- Unplugging the drives completely
    - Connecting different drives, even just one drive on it's own (one that's not part of a RAID)
    - Switching off power to all the PCIE lanes via the onboard flick switches
    - Switching off power to all but the top PCIE lane via the flick switches

    Regardless of anything, it still sits at error "A2". What's more disturbing is that regardless of drive connections or setup, the "BOOT_DEVICE_LED" onboard LED is illuminated for a good majority of the POST, and it stays illuminated when A2 error code is "active".

    A bit of research throws up either CPU dead, or Motherboard failed. Since the screen is receiving some output, and the system overall was working just fine (and would have been had it gotten past the hibernation resume phase), i'm gonna roll with the onboard drive controller being the fault. It's never made it past resuming from sleep or hibernation when CPU PLL Overvoltage has been enabled. I don't know what made me think it'd manage it this time, but i kinda wish i hadn't tried to see if it would now.

    Before i start pulling out my old Gigabyte P67 board to test the CPU, is there anything else i can try or might have missed? Should i leave it sat at the error overnight and hope it proceeds past it at some point, or should i leave it unplugged overnight and try again tomorrow?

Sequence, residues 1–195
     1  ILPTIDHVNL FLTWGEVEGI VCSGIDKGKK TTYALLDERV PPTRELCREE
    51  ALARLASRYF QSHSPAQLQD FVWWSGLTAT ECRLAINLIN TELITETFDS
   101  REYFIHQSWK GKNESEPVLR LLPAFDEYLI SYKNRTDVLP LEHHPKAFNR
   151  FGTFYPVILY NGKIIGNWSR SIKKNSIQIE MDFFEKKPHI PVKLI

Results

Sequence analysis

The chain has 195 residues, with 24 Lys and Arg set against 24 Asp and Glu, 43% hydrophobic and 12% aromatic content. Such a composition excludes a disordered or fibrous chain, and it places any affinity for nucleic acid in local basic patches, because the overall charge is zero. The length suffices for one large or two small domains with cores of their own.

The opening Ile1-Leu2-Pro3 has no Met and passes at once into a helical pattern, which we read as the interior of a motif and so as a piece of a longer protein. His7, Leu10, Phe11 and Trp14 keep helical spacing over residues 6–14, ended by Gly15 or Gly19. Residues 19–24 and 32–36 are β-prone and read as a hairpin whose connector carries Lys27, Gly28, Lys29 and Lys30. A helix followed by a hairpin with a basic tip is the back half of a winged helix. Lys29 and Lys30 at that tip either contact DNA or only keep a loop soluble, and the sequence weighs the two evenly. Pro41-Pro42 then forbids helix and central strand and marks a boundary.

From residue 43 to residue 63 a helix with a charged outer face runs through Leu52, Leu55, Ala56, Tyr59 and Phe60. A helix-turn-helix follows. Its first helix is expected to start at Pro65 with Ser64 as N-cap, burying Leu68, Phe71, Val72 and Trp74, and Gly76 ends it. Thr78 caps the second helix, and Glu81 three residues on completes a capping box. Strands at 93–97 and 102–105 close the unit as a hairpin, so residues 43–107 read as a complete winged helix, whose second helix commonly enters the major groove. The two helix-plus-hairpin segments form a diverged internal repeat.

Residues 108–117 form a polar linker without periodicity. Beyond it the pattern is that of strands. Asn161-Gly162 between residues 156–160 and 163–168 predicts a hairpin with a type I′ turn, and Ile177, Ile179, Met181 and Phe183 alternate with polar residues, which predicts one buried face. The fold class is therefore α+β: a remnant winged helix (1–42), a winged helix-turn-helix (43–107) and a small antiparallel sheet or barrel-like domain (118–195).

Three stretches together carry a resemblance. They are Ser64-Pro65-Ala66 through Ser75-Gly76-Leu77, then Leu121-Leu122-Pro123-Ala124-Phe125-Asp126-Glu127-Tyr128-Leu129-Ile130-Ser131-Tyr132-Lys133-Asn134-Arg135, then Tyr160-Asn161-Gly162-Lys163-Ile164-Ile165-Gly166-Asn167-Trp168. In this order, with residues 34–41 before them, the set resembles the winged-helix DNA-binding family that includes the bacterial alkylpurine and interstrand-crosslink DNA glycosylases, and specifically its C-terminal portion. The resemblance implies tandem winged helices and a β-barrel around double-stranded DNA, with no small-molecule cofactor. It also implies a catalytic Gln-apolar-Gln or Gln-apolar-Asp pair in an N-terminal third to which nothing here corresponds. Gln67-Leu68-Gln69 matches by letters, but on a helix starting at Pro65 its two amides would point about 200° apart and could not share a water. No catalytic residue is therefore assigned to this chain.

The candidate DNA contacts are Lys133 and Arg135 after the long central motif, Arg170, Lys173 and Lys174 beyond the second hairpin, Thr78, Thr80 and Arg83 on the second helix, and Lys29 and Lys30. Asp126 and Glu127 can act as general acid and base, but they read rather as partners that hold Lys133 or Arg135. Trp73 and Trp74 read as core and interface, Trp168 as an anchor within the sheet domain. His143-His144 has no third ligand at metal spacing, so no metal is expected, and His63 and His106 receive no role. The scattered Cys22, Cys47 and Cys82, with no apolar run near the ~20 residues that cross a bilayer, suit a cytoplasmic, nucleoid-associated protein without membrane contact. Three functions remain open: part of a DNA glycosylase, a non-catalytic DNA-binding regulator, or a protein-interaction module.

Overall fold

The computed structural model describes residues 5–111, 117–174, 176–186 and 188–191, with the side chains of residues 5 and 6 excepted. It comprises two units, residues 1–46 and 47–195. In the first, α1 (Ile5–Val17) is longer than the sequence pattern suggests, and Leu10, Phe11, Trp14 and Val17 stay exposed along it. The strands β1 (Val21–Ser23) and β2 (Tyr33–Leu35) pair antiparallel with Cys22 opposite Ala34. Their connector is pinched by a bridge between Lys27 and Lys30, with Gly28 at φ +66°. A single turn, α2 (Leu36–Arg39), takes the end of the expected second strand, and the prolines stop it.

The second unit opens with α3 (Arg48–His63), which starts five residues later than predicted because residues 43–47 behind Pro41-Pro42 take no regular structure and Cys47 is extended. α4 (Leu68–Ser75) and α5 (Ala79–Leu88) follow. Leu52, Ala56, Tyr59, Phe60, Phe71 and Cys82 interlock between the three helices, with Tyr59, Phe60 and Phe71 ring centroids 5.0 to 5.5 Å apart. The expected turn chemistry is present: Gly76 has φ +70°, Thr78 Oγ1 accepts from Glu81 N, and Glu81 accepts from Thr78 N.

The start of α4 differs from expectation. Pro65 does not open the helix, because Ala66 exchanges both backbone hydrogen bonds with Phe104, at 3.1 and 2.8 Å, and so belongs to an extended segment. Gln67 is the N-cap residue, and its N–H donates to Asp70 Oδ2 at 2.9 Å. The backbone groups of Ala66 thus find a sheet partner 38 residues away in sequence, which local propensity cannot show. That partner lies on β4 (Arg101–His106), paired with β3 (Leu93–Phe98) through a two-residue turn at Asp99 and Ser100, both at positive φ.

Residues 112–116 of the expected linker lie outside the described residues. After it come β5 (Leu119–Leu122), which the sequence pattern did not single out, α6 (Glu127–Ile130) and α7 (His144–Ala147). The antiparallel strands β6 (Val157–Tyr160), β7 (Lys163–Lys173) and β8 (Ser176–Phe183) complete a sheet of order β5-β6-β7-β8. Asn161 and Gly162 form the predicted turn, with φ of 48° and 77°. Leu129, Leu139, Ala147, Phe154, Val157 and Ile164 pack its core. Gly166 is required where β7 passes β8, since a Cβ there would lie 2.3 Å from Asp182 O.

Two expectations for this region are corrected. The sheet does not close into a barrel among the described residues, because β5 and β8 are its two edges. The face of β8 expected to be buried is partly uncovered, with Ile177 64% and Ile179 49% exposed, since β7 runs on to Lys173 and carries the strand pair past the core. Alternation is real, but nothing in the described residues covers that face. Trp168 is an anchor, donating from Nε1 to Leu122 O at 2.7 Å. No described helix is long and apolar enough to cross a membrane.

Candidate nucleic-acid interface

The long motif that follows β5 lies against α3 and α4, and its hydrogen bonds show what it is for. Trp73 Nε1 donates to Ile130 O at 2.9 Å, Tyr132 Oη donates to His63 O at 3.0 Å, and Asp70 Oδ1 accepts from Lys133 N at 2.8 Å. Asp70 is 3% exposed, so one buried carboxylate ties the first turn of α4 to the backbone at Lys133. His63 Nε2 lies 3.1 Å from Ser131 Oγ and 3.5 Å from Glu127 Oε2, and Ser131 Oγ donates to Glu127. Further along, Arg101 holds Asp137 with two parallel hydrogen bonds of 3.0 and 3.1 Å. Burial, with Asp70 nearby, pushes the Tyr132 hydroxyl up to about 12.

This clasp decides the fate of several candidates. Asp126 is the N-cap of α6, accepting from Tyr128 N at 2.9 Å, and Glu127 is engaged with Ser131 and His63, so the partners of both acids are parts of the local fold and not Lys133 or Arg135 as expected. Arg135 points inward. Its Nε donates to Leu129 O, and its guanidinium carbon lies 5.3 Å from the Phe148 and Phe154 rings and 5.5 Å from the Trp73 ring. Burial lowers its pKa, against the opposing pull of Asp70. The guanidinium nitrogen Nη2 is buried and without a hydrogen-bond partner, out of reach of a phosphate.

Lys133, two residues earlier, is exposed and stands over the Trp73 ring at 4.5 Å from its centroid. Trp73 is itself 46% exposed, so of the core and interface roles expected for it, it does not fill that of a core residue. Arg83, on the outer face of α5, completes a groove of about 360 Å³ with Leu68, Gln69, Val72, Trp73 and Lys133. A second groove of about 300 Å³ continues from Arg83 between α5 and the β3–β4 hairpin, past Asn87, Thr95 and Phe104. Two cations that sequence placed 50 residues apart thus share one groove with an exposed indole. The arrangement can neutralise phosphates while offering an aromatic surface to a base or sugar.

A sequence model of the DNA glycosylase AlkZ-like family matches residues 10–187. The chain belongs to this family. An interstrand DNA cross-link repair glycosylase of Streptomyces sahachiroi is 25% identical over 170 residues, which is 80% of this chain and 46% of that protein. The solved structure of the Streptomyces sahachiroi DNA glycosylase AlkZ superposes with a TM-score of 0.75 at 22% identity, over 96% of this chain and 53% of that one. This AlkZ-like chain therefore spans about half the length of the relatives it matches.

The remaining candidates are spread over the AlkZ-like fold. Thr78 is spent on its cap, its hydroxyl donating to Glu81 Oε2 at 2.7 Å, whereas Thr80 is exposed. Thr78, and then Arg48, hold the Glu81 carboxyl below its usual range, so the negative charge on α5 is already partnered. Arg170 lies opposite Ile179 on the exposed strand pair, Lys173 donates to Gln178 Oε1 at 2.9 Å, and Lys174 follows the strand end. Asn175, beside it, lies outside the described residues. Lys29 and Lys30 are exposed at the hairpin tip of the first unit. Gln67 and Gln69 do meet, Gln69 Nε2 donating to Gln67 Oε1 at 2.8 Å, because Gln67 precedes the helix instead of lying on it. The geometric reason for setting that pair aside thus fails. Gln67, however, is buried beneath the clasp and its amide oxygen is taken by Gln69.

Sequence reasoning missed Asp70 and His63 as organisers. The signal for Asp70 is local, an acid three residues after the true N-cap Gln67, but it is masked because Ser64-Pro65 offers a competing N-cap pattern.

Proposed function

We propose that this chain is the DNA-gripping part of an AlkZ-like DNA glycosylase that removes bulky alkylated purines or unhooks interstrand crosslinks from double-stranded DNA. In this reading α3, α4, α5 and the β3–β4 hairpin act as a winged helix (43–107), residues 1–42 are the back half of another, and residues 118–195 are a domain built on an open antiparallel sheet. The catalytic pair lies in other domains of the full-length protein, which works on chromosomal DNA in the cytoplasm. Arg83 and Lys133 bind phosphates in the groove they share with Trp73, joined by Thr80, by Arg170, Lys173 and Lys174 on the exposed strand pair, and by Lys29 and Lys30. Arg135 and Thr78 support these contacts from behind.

To clarify, it was able to boot initially when i got home tonight, but after powering it off, it won't even get past the initial start of POST. No hardware or software changed during that working boot and the nonworking boot. I don't recall if the "BOOT_DEVICE_LED" was illuminated when i got home and the system was switched on by itself, it's not something i checked. For a few seconds after "A2" becomes the active code, the HDD Data LED onboard is illuminated as would be expected during the drive detection phase of POST, but it just doesn't progress further even when the HDD Data LED does go off.